Tuesday, April 1, 2014
[Upcoming Event] Radiation mapping is too important to be left to experts: the role of maps in Japan after March 11, 2011
The Clark Library is happy to announce an upcoming event with Dr. Jean-Christophe Plantin. Dr. Plantin is a research fellow in LS&A’s Communication Studies Department and an adjunct lecturer at the School of Information. His main academic focus is the creation and use of participatory maps during public debates. According to Dr. Plantin, a tradition of ‘critical cartography” has highlighted that maps can either serve the interests of those in power, or empower those seeking social justice. This ambivalence of the cartography is present in contemporary web-based mapping application.
By using a variety of radiation maps, he will address the lack of information that occurred directly after the explosion of the the Fukushima Daiichi power plant on March 11, 2011. During his talk, Dr. Platin will focus on three points: how maps were used along with innovative initiatives to find radiation data; how mapmakers gathered and communicated online in this ad hoc crisis infrastructure; how maps were used to sort out different and possibly contradictory radiation measures and to make sense of the radiation situation in the country.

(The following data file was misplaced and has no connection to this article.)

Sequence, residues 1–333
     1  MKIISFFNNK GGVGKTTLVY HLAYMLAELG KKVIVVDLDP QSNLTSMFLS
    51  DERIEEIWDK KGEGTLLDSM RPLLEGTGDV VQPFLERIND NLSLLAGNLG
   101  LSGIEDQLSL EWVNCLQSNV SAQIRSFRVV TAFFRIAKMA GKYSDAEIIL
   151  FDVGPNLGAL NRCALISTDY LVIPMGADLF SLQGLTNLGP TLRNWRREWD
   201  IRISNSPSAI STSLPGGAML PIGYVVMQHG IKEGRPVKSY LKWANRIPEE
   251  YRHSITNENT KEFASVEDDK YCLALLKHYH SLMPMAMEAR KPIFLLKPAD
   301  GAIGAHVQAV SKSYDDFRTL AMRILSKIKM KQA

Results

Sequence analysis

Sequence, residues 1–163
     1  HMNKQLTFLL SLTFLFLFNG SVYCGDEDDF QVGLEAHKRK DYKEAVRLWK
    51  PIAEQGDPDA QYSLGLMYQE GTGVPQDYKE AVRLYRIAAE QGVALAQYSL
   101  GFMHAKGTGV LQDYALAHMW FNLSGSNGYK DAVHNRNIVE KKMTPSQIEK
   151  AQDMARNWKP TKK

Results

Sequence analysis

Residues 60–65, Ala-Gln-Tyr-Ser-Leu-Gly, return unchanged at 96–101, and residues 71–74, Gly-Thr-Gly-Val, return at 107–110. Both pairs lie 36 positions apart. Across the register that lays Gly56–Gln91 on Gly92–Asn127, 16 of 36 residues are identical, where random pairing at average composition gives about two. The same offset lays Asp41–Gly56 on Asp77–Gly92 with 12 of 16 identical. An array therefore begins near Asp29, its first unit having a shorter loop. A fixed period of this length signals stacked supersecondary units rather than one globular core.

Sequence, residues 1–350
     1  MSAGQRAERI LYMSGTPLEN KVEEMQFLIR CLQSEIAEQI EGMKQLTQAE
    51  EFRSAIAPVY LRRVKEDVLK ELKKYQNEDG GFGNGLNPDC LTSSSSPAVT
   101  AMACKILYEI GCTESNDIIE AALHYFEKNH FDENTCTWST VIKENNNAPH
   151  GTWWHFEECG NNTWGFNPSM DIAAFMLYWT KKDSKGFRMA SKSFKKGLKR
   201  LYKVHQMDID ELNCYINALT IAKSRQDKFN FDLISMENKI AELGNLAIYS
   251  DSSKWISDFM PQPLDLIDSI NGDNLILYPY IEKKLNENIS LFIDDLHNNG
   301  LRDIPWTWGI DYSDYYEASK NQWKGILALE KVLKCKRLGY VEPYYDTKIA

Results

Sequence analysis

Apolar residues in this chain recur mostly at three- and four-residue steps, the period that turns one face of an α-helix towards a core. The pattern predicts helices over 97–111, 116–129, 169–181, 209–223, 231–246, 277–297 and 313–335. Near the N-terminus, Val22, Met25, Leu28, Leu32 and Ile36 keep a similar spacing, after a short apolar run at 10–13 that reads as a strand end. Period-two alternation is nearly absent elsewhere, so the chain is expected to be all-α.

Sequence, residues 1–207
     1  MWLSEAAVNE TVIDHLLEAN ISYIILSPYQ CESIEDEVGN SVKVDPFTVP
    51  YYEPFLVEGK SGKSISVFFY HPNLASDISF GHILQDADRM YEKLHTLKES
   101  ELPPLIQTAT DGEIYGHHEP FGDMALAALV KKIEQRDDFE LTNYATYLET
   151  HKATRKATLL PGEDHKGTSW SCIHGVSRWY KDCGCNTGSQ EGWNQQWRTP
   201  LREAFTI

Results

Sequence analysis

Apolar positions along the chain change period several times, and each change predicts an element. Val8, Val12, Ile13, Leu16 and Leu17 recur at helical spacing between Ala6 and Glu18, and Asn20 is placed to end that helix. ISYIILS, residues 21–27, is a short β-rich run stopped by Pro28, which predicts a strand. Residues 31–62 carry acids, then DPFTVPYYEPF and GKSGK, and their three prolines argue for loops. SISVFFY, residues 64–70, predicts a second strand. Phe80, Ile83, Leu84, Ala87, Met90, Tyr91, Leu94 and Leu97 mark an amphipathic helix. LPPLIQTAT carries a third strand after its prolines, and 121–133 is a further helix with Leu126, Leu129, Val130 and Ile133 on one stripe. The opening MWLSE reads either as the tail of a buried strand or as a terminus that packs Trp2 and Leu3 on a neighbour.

Dr. Plantin holds a master’s degrees from Université Paris VIII and from the European Graduate School, and a PhD from the Université de Technologie de Compiègne, France. He is currently teaching The Geospatial Web: Participatory maps, location-based services and citizen science (SI513/COM840) class at UMSI.
The information of research conversation is as follows.
Date: April 7, 2014, 1-2:30 pm
Location: Clark Library Instructional Space, Hatcher South 2nd floor.
Light refreshment will be served.
This event is supported by the Clark Library and Asia Library.